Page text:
The American Academy of Facial Plastic and Reconstructive Surgery (AAFPRS) yesterday released their annual survey results for 2018. The world’s largest specialty association for facial plastic surgery, the AAFPRS represents more than 2,500 board certified facial plastic and reconstructive surgeons throughout the world. Their annual survey of their database reveals key plastic surgery and medical aesthetic trends for the year gone by – and in turn, the year ahead.
For many of our readers, it may simply be confirming what we already know to be true and current – a helpful summary of what the collective areas of interest are around the world. For others, it may give you some new business areas to focus your efforts on over the coming year. So what were the reoccurring themes this time around?
Ageing gracefully through early prevention
The increased demand for cosmetic injectables last year, it seems (as we suspected) is being driven by millennials, who are currently 22-37 year old. The number of procedures has, on average, almost doubled since 2013, and a substantial 22% increase in anti-wrinkle injections over the same period. Members also noted a larger emphasis placed on early care and preventative treatments to those in their 20s and 30s. Indeed, 72% of surgeons noticed an increase in patients receiving cosmetic surgery or injectables under the age of age 30.
AAFPRS President Phillip R. Langsdon says that this suggest consumers are being more conscious of ageing gracefully, taking early measures in order to achieve sustainable results instead of drastic measures later down the track.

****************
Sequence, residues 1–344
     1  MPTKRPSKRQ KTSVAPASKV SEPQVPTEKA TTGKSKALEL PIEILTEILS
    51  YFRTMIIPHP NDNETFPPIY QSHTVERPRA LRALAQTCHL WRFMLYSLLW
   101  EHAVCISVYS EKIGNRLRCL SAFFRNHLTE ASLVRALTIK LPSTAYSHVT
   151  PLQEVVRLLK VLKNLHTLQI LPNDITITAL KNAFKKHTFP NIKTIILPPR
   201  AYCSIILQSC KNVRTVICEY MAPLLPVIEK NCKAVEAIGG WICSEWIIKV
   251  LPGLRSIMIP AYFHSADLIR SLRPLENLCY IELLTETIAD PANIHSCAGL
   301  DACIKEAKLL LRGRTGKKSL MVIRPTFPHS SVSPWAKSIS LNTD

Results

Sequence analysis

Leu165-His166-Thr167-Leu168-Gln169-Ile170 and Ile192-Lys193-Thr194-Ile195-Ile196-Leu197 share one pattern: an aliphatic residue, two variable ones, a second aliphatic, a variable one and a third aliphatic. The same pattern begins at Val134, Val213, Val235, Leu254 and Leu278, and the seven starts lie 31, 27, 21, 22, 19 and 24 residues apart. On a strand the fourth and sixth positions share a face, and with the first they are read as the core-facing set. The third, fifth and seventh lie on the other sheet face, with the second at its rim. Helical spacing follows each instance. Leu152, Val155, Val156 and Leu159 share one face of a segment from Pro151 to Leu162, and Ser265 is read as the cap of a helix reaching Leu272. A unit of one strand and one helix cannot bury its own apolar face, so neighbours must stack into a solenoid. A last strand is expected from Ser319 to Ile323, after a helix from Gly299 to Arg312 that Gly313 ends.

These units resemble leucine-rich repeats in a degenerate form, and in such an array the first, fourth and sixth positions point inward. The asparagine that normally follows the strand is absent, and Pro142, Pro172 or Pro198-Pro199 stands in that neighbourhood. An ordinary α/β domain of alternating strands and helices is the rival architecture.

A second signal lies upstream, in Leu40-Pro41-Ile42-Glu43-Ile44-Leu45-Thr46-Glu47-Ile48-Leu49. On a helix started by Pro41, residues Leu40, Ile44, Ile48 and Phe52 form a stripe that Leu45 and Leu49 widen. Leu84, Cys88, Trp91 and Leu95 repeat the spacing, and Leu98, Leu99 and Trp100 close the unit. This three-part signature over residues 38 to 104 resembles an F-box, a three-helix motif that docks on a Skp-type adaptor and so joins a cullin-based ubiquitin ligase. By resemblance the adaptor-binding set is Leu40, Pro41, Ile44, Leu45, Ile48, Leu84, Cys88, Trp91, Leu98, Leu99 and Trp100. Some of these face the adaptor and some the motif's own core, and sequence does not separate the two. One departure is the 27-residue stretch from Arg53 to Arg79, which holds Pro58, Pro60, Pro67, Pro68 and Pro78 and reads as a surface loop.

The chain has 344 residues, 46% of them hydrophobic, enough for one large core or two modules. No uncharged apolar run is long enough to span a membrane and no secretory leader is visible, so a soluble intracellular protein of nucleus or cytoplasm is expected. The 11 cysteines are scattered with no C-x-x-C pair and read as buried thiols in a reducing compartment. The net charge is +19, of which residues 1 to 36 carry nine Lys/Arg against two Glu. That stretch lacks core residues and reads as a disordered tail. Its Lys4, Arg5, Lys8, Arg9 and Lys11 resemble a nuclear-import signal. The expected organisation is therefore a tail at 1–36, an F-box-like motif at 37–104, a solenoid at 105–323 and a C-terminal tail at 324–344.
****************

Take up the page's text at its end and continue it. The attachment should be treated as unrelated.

“This points to the larger “pre-juvenation” trend with more and more patients wanting to remain youthful rather than turn back the clock on signs of aging later,” says Dr. Langsdon. “Our younger patients are controlling the aging process and taking prevention seriously.”
Natural is key
“The modern goal for facial plastic surgery is refreshingly natural,” says Dr. Langsdon, and although 97% of members feel celebrities influence their plastic surgery recipients, we are finally shifting away from over-enhanced looks and ‘Kylie pouts’. Along with injectables, lasers, peels and microneedling, treatments that combine two or three of these non-invasive options in one visit are in high demand. “Patients love combination treatments because they are time-effective and help to produce optimal results for everything from facial rejuvenation to scar reduction when used in tandem,” says Dr. Langsdon.
Non-invasive procedures are absolutely leading the way, with an entire four-fifths of the treatments performed by participating AAFPRS members being non-surgical. The most popular procedure performed overall was anti-wrinkle injections, followed by filler. “Injectables are only increasing in popularity and this is because of the subtle, yet noticeable visual result they deliver for a relatively affordable price tag as compared to surgical options,” says Dr. Langsdon. “Neuromodulators and fillers have little to no downtime, so they are an easy, unintimidating gateway for patients into the cosmetic surgery world.”
Of surgical procedures performed, rhinoplasty remained most popular, followed by revision surgery and eye lifts.
Revisions are growing
Revision surgery and corrective procedure numbers went through the roof, with the average number nearly doubling since 2017. Around a third of surgeons attribute this to growing numbers of improperly-trained practitioners.
“Shows like Botched, with our very own Dr. Paul Nassif, reveal the dangers of cutting corners with non-certified, un-qualified practitioners,” says Dr. Langsdon. “The AAFPRS urges consumers to avoid poor outcomes by doing their homework first. Your face and skin are not the place to cut corners with discount deals. This year’s survey indicated that cost is only a top concern for 10 percent of patients.”
“There are numerous resources to educate consumers before booking an appointment. Research providers and treatment information via trusted online sources like www.aafprs.org, review before/after images and don’t be afraid to ask tough questions about background and credentials during your consultation.”
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